Here’s a basic explanation of numbers we’ve put together this week:
Numbers in Jèrriais can be a little tricky if you’re not used to them because different forms are used in different contexts (and there’s also some difference in pronunciation in different dialects, and some alternative versions just to add to the richness and variety of numbers).
The first thing to get clear is that some numbers change depending on whether they stand alone or are used attributively, that is if they are used in combination with another word.
Numbers for counting
When we count, we count in the feminine (so all numbers ending in a 1 take the feminine ieune)
Counting up to ten is said (although not necessarily written) like this:
ieune, deux, trais, quat’, chîn, six, sé, hui, neu, dgix
and, for example, counting from 20 will go like this:
vîngt-tch’ieune, vîngt-deux, vîngt-trais….
Numbers 1-10 on their own go like this:
iun/ieune, deux, trais, quat’/quatre, chîn/chînq, six, sept, huit, neuf, dgix
iun is the masculine form; ieune is the feminine form
- iun à iun = one to one
- ch’est tout iun = it’s all the same
- tout est neunmétho iun = everything’s OK
- iun dans l’aut’ = in general
- ch’tait iun sus l’aut’ = it was overcrowded
- iun et iun font deux = one and one make two
- iun d’ches jours = one of these days
- iun d’ches quat’ matîns = one of these fine days
- y’en a iun à haut = there’s one (m) upstairs
- y’en a ieune dans l’armouaithe = there’s one (f) in the cupboard
- j’en ai raîque ieune = I’ve only got one (f) of them
- n’en v’chîn iun = here’s one (m)
- n’en v’lo ieune dans la tithette = there’s one (f) in the drawer
Use of quat’/quatre and chîn/chînq is a matter of preference and, one supposes, register.
In six and dgix, the x is silent – these standalone forms do not occur in positions where liaison may take place.
Numbers in combination
Some numbers require different forms if they are used in conjunction with other words – sometimes with other numbers, sometimes if you want to talk about a number of things rather than just a standalone number.
un/eune are the forms to use to refer to one thing or a thing. These forms are both the indefinite article and the numeral of unity
un is used with masculines; eune is used with feminines
- un Jèrriais = a Jerseyman, one Jerseyman
- eune Jèrriaise = a Jerseywoman, one Jerseywoman
- eune heuthe = an hour, one hour, one o’clock
- eune fais = one time, once
- un co = one time, once
- un bouais = a tree, one tree
- eune vaque = a cow, one cow
Note that compounds such as 21 go like this:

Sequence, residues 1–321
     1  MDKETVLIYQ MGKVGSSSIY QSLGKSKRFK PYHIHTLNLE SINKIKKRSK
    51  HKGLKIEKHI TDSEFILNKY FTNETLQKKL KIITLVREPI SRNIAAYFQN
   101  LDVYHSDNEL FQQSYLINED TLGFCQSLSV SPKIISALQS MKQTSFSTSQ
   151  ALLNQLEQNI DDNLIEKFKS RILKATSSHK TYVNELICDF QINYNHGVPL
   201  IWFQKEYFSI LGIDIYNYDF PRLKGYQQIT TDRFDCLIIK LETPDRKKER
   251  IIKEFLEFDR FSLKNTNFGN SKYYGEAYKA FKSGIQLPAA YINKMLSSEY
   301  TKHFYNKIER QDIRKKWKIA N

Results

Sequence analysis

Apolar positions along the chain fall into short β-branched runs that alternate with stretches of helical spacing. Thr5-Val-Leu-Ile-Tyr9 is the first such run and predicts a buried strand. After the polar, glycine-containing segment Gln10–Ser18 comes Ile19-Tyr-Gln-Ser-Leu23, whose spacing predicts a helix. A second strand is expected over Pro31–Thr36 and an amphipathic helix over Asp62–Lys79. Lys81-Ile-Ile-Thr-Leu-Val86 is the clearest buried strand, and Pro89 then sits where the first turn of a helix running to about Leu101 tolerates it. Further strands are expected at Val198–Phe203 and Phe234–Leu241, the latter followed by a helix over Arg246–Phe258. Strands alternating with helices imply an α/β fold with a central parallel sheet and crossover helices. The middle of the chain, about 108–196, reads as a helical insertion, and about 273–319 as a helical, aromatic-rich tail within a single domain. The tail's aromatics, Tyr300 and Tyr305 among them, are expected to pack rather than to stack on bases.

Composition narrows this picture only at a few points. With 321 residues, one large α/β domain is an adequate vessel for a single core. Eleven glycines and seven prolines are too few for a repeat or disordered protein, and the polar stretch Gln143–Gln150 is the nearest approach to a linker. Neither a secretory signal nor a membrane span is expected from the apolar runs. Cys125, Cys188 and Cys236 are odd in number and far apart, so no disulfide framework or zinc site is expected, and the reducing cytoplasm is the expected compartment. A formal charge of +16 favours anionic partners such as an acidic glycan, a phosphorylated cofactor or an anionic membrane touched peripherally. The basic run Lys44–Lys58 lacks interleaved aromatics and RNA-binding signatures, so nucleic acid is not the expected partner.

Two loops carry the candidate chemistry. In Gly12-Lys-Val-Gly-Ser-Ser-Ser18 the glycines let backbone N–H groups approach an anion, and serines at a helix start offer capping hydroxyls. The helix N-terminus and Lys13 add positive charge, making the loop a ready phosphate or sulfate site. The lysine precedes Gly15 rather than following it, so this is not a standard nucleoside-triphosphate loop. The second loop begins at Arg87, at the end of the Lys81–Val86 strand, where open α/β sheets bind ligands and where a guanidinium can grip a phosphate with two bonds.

vîngt-tch’ieune fais = 21 times; vîngt-tch’iun ans = 21 years, or vîngt-tch’iuns louis = £21 (plural forms ieunes or iuns may be used)
This is not a strict rule, but quat’ tends to be used in combination when followed by a consonant: quat’ fais = 4 times, quat’ chents = 400, quat’ millions = 4000000; and quatre when followed by a vowel: quatre heuthes = 4 hours, 4 o’clock, quatre appartènements = 4 rooms. Note un quat’-mâts = a four-master, un quat’-quat’ = a 4 wheel drive vehicle
quatre may be pronounced as quatré when followed by a consonant or consonant cluster – particularly in the numeral quatré-vîngts
The form quat’s may be used when followed by a vowel, creating a liaison with -s-
Compound numbers such as 24, 34, 44 follow the same patterns.
chîn is used in combination when followed by a consonant: chîn louis = £5, chîn pénîns = 5p, chîn mais = 5 months, chîn mousses = 5 children, chîn femmes = 5 women, chîn hardelles = 5 girls, chîn hardgieaux = 5 lads, chîn chents = 500, chîn mille = 5000. Note also un chîn-carres = a pentagon
chînq is the most common form used in combination when followed by a back vowel: chînq ans = 5 years, chînq hoummes = 5 men (in this word h is silent), chînq ôtis = 5 tools
chîntch’ is the most common form used in combination when followed by a front vowel: chîntch’ heuthes = 5 hours, 5 o’clock (in this word h is silent), chîntch’ êléphants = 5 elephants, chîntch’ ûros = €5, chîntch’ engîns = 5 engins, chîntch’ Îndgiens = 5 Indians
However, chîn-s is a form that may be used in combination when followed by a vowel (with liaison in -z-, or in the Saint Ouënnais dialect, in -ð-): chîn-s hoummes = 5 men, chîn-s ouothilièrs = 5 pillows, chîn-s ouaîsieaux = 5 birds, chîn-s ailes = 5 wings, chîn-s églyises = 5 churches
Compound numbers such as 25, 35, 45 follow the same patterns.
siêx is used in combination: siêx vaituthes = 6 cars, siêx grandes boêtes = 6 large boxes, siêx heuthes = 6 hours, 6 o’clock, siêx louis = £6, siêx mais = 6 months, siêx chents = 600, siêx mille = 6000. Note also un siêx-carres = a hexagon
When preceding a vowel a liaison with -z- is pronounced.
siêx aîtres = 6 cells, siêx anmîns = 6 friends
Compound numbers such as 26, 36, 46 follow the same patterns.
neu is used in combination when followed by a consonant: neu neunméthos = 9 numbers, neu jours = 9 days, neu neu n’veurs = 9 new nephews
neuf is used in combination when followed by a vowel, creating a liaison with -v- : neuf ans = 9 years, neuf heuthes = 9 hours, 9 o’clock, neuf êtailes = 9 stars
Compound numbers such as 19, 29, 39 follow the same pattern.
10 follows the same pattern as 6
dgiêx is used in combination: dgiêx louis = £10, dgiêx pénîns = 10p, dgiêx ûros = €10, dgiêx dollars = $10, dgiêx dés = 10 fingers, dgiêx ortés = 10 toes, dgiêx mille = 10000
When preceding a vowel a liaison with -z- is pronounced.
dgiêx anmîns = 10 friends, dgiêx aut’ extchûthes = another 10 excuses
Compound numbers such as 110, 10110 follow the same pattern.
In combination with 7,8, and 9, the numbers 17, 18 and 19 are formed: dgiêx-sept = 17, dgiêx-huit = 18, dgiêx-neuf = 19. In these compounds the x is pronounced as -z-, and the stress is on the dgiêx.
Both quatre-vîngts and huiptante are in use (quatre-vîngts – also pronounced quatré-vîngts – has, under the influence of French, displaced huiptante for many speakers). The historic form octante has fallen out of use.